Peikoff focusses his attacks on the worst kinds of skeptics and acts like he has criticized the entire category of all skepticism. He doesn't mention or discuss that there are different types of skeptics (e.g. rejecting all knowledge, or just rejecting non-contextual certainty. He seems to lump fallibilists in with skeptics, though I have no doubt he wouldn't want to lump AR in with skeptics, so his position isn't explained well.)

If you want to exclude people like myself and Karl Popper (and AR) from being skeptics, fine. But then you can't just define skepticism as rejecting certainty! Unless you add a bunch of clarifications and qualifications about what you mean, Popper absolutely does reject certainty! (As do I.) You'd also have to stop presenting it as skeptics and non-skeptics, only two categories, since Popper and Peikoff would be non-skeptics with major differences in views. (I don't normally present it as skeptics and non-skeptics, but Peikoff did.)

These comments above are from his Objective Communication lectures. Epistemology is not the primary topic, but he keeps talking about it. (He's also talked about induction and empiricism a number of times. That material is also problematic.)

I've never seen AR do it like Peikoff. Whenever she talks about these things I have a tiny fraction of the objections. But when it's Peikoff (or Binswanger or I think many other Objectivists) then I see lots of problems.

On another note, Peikoff's comments about how awful school is are worthwhile. They are directed especially at grad school and university. He talks about how much it trashed his mind (despite his best efforts not to let it do that), and how dangerous it is and hard to stay rational, and how much time and effort it took to recover.

In a way, it excuses his other mistakes. He actually read some stuff from a paper he wrote in grad school. He's improved a lot since then!! So that's great. One can respect how far he's come and perhaps sympathize a bit with some of his mistakes.

I for one have the advantage of avoiding a lot of the tortures Peikoff endured at school. It really helps. Yeah, sure, K-12 sucked but I never took it seriously after around 6th grade or maybe earlier. It's so much worse and harder if you take it seriously.

(But I fear he wouldn't appreciate this perspective much. I fear he'd say he's super awesome now and not making mistakes, and I'm wrong about epistemology -- but without wishing to debate it to a conclusion in a serious way, as I am willing to do. If he rejects the attitudes and role of a learner still making progress, then it becomes hard to sympathize with errors. If he also isn't open to answering criticisms, then it's even worse.)

How few philosophers Objectivists find to appreciate is one of the worrisome things that does apply to AR herself (I learned from AR, Popper, Goldratt and others. Peikoff doesn't seem to have gotten much value from people besides AR). Like it's a problem with Peikoff but also with AR. She was aware of Mises and Szasz. But she missed Popper, Burke, Godwin and Feynman, for example. Is there any excuse for that? Godwin is obscure but Szasz was aware of him! Mises was aware of Godwin too, but Mises read a translation and totally got the wrong idea. Szasz and Mises were also aware of Burke. I'm not sure how much Mises knew about Burke, but Szasz had a good understanding. Szasz also knew a lot about Popper, and had some familiarity with Feynman. So if Szasz can find all these philosophers, and learn from them, what is AR's excuse?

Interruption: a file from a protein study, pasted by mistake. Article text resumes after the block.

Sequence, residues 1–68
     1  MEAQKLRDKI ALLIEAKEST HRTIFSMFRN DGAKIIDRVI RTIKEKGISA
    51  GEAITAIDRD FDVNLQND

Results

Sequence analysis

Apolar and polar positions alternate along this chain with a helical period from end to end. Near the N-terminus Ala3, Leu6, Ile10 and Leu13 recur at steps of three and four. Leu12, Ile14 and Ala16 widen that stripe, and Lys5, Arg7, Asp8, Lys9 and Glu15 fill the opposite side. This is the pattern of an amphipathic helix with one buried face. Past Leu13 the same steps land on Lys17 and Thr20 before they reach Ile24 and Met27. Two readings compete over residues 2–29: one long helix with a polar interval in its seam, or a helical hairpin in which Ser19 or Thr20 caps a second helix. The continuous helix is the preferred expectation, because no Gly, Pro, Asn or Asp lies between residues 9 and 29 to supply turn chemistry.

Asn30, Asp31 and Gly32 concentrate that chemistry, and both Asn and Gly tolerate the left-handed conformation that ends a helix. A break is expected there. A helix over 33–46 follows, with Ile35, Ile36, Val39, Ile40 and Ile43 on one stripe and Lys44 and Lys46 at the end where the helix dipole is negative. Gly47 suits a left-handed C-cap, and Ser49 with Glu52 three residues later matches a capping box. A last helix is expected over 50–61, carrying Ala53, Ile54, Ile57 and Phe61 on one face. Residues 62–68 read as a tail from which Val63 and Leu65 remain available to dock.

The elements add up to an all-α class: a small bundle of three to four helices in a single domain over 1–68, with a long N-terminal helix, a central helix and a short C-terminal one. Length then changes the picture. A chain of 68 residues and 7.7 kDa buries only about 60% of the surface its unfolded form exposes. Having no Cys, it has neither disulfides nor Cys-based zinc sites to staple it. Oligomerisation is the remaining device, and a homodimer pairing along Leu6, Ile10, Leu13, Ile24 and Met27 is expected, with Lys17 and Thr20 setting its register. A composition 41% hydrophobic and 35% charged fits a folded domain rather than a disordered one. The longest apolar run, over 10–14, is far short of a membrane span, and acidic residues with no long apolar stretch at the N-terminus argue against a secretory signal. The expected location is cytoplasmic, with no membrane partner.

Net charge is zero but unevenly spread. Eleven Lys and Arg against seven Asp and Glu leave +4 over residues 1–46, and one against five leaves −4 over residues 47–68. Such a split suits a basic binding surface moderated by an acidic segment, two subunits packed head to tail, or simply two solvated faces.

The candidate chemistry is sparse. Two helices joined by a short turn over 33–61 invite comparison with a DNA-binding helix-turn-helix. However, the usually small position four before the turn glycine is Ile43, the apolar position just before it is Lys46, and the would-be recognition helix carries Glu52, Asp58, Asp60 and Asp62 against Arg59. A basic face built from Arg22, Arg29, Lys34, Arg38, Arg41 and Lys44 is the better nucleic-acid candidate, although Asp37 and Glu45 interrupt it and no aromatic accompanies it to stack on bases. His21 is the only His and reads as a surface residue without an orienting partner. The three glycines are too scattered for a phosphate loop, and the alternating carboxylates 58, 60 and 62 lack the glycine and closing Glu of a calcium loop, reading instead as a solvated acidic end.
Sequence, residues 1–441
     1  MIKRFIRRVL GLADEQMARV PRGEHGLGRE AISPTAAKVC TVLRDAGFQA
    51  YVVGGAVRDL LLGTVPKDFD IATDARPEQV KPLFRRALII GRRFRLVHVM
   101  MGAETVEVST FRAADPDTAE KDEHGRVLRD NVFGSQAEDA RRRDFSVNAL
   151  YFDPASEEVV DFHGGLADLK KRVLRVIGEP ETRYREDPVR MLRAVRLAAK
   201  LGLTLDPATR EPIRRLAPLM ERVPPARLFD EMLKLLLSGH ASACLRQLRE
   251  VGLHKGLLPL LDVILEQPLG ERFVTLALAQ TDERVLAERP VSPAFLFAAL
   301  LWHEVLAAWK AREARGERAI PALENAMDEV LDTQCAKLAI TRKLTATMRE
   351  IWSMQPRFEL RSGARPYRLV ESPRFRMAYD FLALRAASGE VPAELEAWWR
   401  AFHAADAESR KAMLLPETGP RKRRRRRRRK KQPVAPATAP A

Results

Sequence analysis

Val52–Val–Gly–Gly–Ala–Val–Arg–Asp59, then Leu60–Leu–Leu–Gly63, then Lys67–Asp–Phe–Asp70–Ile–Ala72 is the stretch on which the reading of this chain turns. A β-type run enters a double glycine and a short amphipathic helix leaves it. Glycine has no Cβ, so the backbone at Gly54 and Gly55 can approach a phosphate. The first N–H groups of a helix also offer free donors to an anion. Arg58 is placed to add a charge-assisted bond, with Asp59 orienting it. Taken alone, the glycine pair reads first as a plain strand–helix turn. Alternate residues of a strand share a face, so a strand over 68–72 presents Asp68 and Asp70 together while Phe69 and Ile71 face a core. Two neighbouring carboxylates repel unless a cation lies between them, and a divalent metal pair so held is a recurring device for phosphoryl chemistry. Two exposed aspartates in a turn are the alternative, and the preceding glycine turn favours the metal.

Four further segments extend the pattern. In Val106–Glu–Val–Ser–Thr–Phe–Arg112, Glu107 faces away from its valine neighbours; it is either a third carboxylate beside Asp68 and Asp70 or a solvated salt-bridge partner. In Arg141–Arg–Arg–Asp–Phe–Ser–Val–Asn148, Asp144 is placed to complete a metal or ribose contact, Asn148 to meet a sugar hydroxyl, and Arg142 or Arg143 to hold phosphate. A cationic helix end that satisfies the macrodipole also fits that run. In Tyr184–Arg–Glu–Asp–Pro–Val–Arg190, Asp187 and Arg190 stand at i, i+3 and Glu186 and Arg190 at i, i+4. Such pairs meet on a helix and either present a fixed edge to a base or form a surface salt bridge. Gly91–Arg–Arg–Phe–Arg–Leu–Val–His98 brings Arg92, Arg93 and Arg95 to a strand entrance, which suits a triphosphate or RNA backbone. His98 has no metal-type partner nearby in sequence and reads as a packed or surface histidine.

And of course I can and did find and study Godwin and others too. I sought out good philosophy with some success. It's not trivial to find, but it's worth the effort.

Second Email

Peikoff's on-topic comments about Objective Communication continue to be good. No monumental breakthrough, but lots of solid points explained well.

Peikoff said certainty is conclusiveness.

If we figure he meant contextual conclusiveness (if he didn't, that's worse!), that's Popper-compatible. Popperians reach what they call "tentative" conclusions which means that they are the current conclusion but could need to be reevaluated if the context changes (e.g. something new is thought of).

But can something called "tentativity" really be what Peikoff has in mind for "certainty"? I don't think so. If you listen to how he talks about it, and his examples, they do not fit this interpretation of the definition. But he doesn't clarify the correct definition or the way to interpret this one.

No comments are made about how his definition is compatible with this other thing he doesn't mean, or what's wrong with this thing. He doesn't address it. I don't think he's thought of it.

Long story short, what's going on is Peikoff is mistaken about the topic so his comments come off confused from the perspective of someone who already understands what he's missing.

Peikoff is targeting his comments against ideas much worse than his own. He's defeating what he sees as his (awful, pathetic) rivals. But why hasn't he engaged with any better rivals?

I don't think it's pure ignorance. For one thing, that would not be excusable: he should have checked for the existence of some better ideas.

But also, Peikoff knows (and endorses) Binswanger, and Binswanger knows of Popper. Binswanger's attitude to Popper is a combination of extreme ignorance and extreme venom (with extras features such as misquoting Popper and then not caring or correcting it). Some other Objectivists also know of Popper but reject him without rational, well-informed arguments or an adequate understanding of his ideas.

I suppose I should look these issues up in OPAR. But he's supposed to be talking to an audience with merely some knowledge of Objectivism. So if you've read everything AR says about this, that ought to be (more than) enough. His comments weren't meant only for audiences that have read OPAR.

Elliot Temple | Permalink | Messages (0)